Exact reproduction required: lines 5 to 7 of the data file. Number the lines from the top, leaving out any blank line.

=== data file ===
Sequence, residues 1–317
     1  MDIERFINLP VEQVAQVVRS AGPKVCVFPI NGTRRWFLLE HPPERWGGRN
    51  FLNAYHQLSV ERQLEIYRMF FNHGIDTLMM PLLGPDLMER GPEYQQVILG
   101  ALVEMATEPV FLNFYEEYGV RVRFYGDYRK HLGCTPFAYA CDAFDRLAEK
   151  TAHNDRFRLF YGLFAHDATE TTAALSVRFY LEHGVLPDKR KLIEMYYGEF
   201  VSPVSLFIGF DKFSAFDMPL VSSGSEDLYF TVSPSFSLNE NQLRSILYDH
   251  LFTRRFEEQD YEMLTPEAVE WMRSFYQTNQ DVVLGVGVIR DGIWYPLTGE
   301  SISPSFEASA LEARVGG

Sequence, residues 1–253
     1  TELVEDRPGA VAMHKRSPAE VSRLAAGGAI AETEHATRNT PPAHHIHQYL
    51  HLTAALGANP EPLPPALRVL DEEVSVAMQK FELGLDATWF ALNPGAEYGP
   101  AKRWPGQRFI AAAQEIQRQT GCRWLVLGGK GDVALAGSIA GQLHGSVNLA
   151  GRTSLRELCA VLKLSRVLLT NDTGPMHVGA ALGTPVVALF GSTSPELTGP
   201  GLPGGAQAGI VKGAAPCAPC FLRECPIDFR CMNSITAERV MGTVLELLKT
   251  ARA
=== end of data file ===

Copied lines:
   151  TAHNDRFRLF YGLFAHDATE TTAALSVRFY LEHGVLPDKR KLIEMYYGEF
   201  VSPVSLFIGF DKFSAFDMPL VSSGSEDLYF TVSPSFSLNE NQLRSILYDH
   251  LFTRRFEEQD YEMLTPEAVE WMRSFYQTNQ DVVLGVGVIR DGIWYPLTGE